The idea was to showcase as many of our community as possible - but I realised that with the amount of tourism that is inherent within parkrun, our community is not restricted to or exhausted by the regular Melton runners. This is where the likes of seriel tourist and random celebrant Dan Moult came in with his unique dress sense, the Crellin treated us to her own brand of megalomania (in her first ever RD stint - she'll be doing it for real shortly after our return I am sure). We had former ambassador Julie who explained to everyone the story of how I got lost in the park while showing them the prospective route. Bestwood's Mark Weston in his shirt and tie, Rutland Water's Emma Herd and her blind dog Millie, former regular Chris Limmer in his world famous Drumsticks running top, Sarah Mullis from Dungloe in Ireland (my parents' local event), Eve Taylor from Macclesfield who I met when I proposed to Emma in Lyme Park, Regional Ambassador Gordon Pearson, Newark's Bob White whose fantastic prep was decimated by the wind, Colin Phillips who presented his at 5am local time to ensure that our Halloween run had the spooky feel that it deserved, Keith Bennet live from the Faulkland Islands, and Tom Hansen (originally from Melton but now of Lincoln) getting mauled by his dog throughout the briefing.
There were people who did an RD slot that I only came to know through this Virtual series: Grant and Lousie Bridgeman, Melton expat in South Africa - Peter Shirtcliffe - who then put me in touch with Keith Bennett in the Faulkland Islands, local barkrunners Caroline Vissani and Rosalind Heatlie, and the inspirational story of Mike Freeman.
But from this wider parkrun family, I started looking upwards. Who is involved with parkrun more intimately that would do a briefing for us? I managed to get the social media administrator George Sullivan, With Me Now podcast presenter Danny Norman, ultra-distance legend and head of parkrun South Africa Bruce Fordyce, Chief Operating Officer Tom Williams, the originator himself Paul Sinton-Hewitt, and the author of the fantastic book "parkrun: More than just a run in the park", Debra Bourne.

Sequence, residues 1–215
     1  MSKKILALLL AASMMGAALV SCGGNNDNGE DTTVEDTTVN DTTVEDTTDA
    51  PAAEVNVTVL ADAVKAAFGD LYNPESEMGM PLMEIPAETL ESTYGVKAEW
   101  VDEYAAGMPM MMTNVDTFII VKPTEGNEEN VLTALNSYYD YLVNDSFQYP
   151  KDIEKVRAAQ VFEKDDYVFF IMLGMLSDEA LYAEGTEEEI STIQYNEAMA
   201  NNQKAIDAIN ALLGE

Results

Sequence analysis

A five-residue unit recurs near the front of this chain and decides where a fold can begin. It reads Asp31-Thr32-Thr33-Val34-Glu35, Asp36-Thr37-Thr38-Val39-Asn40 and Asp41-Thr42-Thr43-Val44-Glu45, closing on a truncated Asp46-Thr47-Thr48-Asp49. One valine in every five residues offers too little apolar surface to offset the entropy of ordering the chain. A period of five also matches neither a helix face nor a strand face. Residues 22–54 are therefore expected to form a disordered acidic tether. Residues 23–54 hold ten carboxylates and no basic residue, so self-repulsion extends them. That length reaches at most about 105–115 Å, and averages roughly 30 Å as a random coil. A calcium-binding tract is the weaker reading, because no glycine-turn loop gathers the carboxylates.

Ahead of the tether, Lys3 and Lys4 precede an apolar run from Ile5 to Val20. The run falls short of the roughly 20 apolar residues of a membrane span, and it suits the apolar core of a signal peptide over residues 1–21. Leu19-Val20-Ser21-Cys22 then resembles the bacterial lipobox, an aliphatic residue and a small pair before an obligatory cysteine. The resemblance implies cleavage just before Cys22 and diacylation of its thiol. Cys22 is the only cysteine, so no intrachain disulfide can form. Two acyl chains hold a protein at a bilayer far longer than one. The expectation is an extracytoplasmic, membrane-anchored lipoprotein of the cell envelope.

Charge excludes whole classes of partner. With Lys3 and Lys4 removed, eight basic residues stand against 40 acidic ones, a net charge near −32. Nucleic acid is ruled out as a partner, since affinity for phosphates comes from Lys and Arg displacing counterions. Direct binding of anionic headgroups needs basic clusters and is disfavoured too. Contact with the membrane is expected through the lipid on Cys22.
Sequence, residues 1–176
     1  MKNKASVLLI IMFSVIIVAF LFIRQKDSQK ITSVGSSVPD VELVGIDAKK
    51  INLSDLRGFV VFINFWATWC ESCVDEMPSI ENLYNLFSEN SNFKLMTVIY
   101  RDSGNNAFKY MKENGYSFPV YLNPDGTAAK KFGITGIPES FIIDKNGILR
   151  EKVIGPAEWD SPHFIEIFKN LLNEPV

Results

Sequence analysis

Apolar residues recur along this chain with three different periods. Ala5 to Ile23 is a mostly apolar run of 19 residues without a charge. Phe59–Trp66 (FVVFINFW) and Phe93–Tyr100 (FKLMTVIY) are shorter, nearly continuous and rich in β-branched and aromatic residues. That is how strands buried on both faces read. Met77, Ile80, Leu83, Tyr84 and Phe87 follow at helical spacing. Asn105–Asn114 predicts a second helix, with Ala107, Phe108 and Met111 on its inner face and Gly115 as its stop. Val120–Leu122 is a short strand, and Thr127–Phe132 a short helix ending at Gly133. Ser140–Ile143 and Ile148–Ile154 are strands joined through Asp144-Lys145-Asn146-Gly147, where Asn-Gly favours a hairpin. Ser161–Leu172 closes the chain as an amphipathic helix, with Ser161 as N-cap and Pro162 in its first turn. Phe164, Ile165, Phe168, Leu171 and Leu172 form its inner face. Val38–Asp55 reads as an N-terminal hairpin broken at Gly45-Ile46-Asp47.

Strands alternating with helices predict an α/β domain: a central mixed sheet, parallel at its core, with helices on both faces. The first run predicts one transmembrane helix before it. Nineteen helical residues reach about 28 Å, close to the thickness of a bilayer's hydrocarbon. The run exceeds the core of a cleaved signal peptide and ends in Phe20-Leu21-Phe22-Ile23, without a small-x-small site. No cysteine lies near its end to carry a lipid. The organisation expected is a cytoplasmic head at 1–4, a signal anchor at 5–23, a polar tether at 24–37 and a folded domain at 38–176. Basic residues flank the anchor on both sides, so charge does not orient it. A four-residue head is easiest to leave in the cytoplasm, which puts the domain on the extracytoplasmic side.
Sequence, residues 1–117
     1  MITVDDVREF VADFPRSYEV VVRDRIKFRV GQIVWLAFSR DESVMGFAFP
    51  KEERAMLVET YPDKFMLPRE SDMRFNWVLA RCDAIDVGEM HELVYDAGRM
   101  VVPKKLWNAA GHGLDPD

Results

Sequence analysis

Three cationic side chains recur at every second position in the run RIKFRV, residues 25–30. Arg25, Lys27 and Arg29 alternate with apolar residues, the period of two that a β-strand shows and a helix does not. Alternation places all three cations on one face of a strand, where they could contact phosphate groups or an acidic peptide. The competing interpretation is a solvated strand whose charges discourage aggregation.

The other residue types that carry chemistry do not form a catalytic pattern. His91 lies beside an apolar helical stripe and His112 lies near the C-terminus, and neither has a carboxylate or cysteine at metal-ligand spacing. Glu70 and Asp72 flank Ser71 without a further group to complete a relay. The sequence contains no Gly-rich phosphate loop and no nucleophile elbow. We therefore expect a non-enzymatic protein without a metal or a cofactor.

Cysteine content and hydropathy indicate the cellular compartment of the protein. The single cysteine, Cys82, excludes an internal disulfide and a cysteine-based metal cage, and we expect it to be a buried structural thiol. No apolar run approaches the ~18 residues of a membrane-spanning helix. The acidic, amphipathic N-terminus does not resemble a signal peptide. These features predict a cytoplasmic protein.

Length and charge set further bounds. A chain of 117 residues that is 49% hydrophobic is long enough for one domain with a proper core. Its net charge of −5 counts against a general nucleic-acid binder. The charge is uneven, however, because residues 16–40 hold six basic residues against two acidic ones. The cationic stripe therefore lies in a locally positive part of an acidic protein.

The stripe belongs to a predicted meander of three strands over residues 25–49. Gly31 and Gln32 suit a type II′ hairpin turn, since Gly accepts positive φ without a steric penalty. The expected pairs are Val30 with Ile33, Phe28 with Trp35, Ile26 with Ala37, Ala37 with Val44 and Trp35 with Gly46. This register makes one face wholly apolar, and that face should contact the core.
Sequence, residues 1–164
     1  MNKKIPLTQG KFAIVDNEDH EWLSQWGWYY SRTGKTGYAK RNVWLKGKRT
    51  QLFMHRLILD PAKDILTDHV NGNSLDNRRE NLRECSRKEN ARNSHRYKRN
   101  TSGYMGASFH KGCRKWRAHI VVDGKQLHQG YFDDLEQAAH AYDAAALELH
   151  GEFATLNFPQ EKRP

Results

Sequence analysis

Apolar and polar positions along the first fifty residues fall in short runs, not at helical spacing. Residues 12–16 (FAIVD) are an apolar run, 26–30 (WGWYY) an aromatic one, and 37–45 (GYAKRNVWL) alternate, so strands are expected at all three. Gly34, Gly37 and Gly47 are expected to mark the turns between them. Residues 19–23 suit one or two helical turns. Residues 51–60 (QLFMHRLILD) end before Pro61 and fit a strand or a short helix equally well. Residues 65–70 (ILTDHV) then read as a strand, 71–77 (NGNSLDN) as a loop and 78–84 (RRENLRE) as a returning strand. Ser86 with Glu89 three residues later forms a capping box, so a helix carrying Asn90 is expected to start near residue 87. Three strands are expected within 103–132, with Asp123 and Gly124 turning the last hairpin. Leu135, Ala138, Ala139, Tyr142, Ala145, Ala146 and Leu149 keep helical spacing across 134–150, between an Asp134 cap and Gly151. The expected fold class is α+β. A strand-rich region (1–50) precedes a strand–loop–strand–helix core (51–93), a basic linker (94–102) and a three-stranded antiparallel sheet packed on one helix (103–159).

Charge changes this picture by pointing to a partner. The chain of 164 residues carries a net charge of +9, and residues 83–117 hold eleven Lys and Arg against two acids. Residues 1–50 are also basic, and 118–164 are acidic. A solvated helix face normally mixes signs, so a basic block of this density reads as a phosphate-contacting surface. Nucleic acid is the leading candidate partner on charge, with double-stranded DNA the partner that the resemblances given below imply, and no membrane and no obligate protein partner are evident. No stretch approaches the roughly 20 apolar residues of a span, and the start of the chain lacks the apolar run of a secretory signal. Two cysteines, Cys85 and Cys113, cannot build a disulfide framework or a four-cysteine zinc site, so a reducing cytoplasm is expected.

Through trying to find RDs, I did chance my luck a little by messaging some celebrities that are known to be parkrunners. Within minutes of sending out a request, Sophie Raworth from the actual BBC News emailed back with "Of course! What do I need to do?" - little did I realise she was actually going to present her video from the News Studio itself!!!! Nell McAndrew was also only too happy to help out, as was Team GB athlete Eilish McColgan - who has since broken the 17yr standing British record for the 5000m), and the wonderful Carolyn Gale who had a formal voice-over introduction from her husband David - Carolyn had started running aged 63 and now represents Team GB in the Masters series. Even our own MP stood in for a whole 21 seconds...
We also had some amazingly imaginative and creative run briefings. Who can forget Duncan Greene's cheeky little pork pie (or his kamikaze blind roller blading while selfie videoing), Bob Frake whose wettest run still makes me giggle a bit, Amelia Coltman's briefing from the side of the Skeleton Run, or sister Charlotte's "Wish You Were Here?" tribute? Or, smashing all of them out of the park in terms of views was Debbie Longley's marvellous "It's beginning to look a lot like parkrun" in the run up to Xmas.
Across the 72 videos we had a spectacular 43,773 views with the top 10 as follows:
1. Debbie Longley - 3600 views
2. Sophie Raworth - 1800 views
3. Shane Sharkey - 1410 views
4. Duncan Greene - 1300 views
5. Liz Parkinson - 1006 views
6= Andrea Crellin - 934 views
6= David Harknett - 934 views
8. Amelia Coltman - 873 views
9. Nell McAndrew - 779 views
10. Peter Shirtcliffe - 765 views
We also managed to squeeze in two Easter runs. Regulars will know that each year we randomly sticker 10 finish tokens and the rules are simple - finish in a position with a sticker and win and egg. I decided to do the same thing for each of our two Easter runs (Laura Seth brilliantly presenting her Bunny Ear clad video upside down and Ashley Jackson who somehow rigged it that she was our second Virtual Easter Bunny and then went on to win an egg herself).